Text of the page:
How financial planners support your mental health not just your finances

Last year, research from mobile bank N26 found that around 9.5 million adults in the UK have suffered from mental health issues as a result of financial anxiety.

While young people were among the most affected, financial worries were also prevalent across all age groups. A quarter of those aged 45 to 54 said they worry ‘constantly’ about their finances, with almost a third of these people saying that their worries have affected their mental health.

A 2019 Salary Finance study, published in the Financial Times, found that worrying about money was the biggest source of stress for British workers and that the average person spent at least three hours a week dealing with personal financial issues and took one sick day per year to deal with pressing financial concerns.

And, interestingly, financial anxiety affects people irrespective of wealth. Those earning over £100,000 reported the same level of concern about their personal finances as those earning less than £10,000.

With financial wellbeing closely linked to mental health, it follows that looking after your money can help your overall wellbeing. Here are some tips.

5 ways you can improve your financial wellbeing and mental health

1. Make sure you have a rainy-day fund

Having an emergency fund in place can give you real peace of mind that you have some money available in the event of a sudden change in your circumstances. For example, if you unexpectedly lost your job, do you have three months’ worth of salary saved in an easy-access account that you can fall back on?

Having a safety net in place can also benefit you if you need a new boiler, your car breaks down, or your roof needs fixing.

Having this buffer in place can help you to sleep easy at night, safe in the knowledge that there’s money there if you need it.

2. Budget

Julia Round, a debt adviser at PayPlan, says that ‘how do I set a budget?’ is one of the questions she is most frequently asked. “How to save and budget” also topped a recent survey of financial topics that British adults said they wished they had been taught about in school.

It may sound very basic but reviewing and setting a budget can be one of the most important steps you take to reduce money anxiety. Make time to go through your outgoings and cancel any direct debits or subscriptions that you don’t need, and make sure you shop around for insurances and utilities when the time comes.

Reviewing your budget from time to time can help you to stay in control of your money, and this will reduce the worry.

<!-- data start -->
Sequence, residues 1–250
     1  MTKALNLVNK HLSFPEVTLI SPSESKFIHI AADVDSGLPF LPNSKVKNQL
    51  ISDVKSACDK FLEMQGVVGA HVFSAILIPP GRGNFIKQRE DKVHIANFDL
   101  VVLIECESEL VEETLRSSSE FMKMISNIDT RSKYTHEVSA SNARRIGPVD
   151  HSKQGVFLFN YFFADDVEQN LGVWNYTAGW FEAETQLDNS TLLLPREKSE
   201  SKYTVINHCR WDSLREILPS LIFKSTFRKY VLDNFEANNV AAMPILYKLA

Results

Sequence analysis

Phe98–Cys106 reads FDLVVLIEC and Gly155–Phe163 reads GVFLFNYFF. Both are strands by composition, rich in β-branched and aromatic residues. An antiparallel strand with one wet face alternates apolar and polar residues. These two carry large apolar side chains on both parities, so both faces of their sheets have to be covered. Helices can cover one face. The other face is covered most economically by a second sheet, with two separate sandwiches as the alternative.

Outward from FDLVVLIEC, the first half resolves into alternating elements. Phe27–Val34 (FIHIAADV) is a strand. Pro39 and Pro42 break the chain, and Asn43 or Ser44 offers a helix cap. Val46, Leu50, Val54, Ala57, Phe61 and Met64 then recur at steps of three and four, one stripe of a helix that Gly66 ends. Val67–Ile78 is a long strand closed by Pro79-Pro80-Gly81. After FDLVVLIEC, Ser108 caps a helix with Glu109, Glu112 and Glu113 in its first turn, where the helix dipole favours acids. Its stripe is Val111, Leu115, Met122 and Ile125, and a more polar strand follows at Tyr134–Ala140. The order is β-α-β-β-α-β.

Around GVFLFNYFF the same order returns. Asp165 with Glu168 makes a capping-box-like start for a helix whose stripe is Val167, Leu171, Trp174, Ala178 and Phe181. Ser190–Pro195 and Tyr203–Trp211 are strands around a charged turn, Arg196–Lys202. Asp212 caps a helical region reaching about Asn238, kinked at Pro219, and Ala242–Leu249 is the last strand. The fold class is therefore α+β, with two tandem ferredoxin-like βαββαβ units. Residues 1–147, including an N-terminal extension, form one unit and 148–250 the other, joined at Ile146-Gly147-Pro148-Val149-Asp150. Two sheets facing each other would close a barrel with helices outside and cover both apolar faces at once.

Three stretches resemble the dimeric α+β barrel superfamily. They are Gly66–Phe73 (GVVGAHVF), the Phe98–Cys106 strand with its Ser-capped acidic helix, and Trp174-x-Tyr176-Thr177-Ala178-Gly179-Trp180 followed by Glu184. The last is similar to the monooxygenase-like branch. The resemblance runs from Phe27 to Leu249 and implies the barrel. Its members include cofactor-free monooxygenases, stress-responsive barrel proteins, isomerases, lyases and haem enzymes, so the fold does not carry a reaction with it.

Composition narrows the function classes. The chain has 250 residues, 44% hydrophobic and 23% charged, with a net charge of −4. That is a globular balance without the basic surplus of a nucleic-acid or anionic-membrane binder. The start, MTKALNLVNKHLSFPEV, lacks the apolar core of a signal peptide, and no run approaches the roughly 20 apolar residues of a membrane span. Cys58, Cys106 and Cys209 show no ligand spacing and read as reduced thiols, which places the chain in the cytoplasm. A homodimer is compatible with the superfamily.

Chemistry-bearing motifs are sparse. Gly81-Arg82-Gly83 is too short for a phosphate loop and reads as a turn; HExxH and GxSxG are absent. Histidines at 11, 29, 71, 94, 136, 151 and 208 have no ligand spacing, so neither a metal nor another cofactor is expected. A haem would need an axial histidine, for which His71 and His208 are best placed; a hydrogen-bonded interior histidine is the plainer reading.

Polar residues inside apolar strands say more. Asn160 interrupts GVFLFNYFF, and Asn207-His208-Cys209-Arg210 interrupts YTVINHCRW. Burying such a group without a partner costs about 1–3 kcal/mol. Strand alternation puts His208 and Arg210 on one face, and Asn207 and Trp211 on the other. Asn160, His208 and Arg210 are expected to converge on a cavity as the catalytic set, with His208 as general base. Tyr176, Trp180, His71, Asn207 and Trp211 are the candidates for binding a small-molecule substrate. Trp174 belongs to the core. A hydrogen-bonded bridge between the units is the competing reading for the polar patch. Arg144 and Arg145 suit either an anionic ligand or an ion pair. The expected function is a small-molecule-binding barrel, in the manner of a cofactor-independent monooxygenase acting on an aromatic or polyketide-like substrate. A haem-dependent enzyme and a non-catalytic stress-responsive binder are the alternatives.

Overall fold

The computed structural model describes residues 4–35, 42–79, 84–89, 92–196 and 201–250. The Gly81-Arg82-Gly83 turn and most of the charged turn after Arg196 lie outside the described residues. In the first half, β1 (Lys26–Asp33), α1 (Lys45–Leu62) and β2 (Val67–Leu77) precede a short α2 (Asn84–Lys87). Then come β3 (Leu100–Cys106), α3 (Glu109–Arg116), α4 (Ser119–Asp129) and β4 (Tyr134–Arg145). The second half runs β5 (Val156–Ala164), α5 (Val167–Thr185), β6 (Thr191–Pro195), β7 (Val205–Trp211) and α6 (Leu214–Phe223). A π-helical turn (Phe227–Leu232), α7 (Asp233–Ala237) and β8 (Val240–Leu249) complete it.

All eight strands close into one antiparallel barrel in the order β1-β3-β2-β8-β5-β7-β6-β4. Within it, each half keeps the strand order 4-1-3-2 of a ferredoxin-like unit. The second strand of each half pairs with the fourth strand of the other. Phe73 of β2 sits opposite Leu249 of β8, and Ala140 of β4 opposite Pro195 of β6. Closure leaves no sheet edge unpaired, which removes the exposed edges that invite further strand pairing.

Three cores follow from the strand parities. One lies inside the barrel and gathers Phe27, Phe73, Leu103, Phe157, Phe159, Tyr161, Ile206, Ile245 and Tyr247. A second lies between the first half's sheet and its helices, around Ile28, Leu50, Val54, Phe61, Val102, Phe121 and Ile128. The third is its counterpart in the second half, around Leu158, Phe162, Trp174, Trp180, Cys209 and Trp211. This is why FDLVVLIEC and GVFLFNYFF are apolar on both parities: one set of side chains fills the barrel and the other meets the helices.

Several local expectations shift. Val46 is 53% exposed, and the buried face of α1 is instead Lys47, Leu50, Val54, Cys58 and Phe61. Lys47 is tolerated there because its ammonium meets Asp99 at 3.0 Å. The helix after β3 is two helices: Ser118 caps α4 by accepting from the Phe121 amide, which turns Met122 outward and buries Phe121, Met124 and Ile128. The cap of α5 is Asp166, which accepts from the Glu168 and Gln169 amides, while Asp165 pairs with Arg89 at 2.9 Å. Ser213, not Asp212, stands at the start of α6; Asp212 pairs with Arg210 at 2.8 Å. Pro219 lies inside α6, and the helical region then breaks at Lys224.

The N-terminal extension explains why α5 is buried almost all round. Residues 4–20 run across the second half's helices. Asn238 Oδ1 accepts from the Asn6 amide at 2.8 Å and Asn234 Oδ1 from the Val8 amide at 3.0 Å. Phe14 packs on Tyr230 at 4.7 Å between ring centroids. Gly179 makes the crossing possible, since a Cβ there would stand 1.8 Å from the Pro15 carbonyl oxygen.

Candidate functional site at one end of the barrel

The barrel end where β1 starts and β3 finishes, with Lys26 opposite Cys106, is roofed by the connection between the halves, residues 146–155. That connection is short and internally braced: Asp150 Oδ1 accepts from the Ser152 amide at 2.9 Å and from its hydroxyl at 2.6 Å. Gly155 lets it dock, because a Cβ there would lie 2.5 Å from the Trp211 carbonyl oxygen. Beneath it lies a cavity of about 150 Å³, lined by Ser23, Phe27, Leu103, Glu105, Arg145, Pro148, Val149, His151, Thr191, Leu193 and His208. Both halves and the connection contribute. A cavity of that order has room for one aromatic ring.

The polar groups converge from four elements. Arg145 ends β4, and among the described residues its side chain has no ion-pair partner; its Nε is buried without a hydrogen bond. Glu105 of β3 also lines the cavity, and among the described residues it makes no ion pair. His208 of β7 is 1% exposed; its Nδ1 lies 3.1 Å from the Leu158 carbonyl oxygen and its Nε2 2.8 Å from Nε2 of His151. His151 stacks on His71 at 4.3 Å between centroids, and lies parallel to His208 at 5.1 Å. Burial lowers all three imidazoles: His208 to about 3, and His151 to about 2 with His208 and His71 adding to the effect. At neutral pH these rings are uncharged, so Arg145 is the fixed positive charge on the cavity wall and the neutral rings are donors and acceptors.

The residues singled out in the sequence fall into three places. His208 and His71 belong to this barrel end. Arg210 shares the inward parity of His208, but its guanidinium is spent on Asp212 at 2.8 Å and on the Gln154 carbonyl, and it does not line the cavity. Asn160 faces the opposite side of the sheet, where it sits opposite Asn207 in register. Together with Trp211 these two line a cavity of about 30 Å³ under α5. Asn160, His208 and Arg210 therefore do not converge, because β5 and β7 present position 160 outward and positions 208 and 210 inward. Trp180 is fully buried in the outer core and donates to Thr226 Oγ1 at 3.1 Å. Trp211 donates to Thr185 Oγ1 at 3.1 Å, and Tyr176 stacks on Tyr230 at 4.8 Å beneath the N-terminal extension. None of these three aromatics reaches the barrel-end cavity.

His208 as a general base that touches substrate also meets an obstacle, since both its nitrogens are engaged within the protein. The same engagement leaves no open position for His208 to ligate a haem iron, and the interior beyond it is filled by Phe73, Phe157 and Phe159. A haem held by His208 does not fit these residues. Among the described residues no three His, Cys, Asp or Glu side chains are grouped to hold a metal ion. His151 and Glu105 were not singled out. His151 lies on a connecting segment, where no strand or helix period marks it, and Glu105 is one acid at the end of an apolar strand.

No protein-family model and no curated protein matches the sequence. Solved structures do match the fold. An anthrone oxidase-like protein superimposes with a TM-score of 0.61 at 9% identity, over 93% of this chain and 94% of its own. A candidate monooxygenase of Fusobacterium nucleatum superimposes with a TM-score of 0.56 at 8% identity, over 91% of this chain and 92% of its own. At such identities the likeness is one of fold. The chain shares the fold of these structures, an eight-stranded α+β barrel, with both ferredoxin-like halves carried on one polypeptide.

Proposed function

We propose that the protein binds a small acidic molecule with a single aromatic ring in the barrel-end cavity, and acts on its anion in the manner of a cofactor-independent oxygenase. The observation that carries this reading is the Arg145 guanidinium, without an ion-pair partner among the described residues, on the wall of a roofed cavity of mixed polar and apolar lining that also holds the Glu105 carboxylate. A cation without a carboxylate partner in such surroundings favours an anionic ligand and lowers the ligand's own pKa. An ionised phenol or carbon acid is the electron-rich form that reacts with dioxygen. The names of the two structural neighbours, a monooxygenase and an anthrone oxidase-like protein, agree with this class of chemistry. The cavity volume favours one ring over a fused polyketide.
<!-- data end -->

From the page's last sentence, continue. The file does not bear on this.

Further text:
3. Think about where your income is coming from

Many people rely on one source of income, most often a full-time job or income from the business they run. If this income ends for whatever reason, it can create huge stress as all your income could essentially disappear overnight.

Is there any scope for you to develop an additional income stream on the side? This could be:

  • Using your skills on a freelance basis, perhaps in the evenings or weekends
  • Consultancy work
  • Turning a hobby into a business
  • Online tutoring or mentoring.

Diversification in terms of where your pension income comes from can also be wise for similar reasons. For example, during periods of stock market volatility, it may be better to generate income from cash reserves than from selling your investments. Having this choice available can provide reassurance.

4. Make sure you have the right protection in place

If you or your spouse could no longer work due to serious injury or ill health, or one of you passed away, what would happen to your household finances?

Putting the right protection in place, such as Life Insurance, Income Protection and Critical Illness cover, is a sensible way of reducing money worries. You can sleep at night knowing that there will be financial support available if the worst were to happen.

If your business is reliant on key individuals, then it can also pay to make sure there is cover in place to protect them.

5. Work with a financial planner

Financial planners do much more than simply organise your pension or investments. As well as making sure you have the right protection in place, they can help you to create a long-term saving and investing strategy that takes care of your current and future needs.

Financial planners have a huge depth of knowledge and experience, not to mention qualifications that mean you can gain real value from accessing their expertise. Financial advice can take the hassle and worry away and replace it with peace of mind and a feeling of control.

Get in touch

If you’d like to find out more about how we can help you take control of your finances, and reduce your financial stress, please get in touch. Email or call us on 01454 416653.

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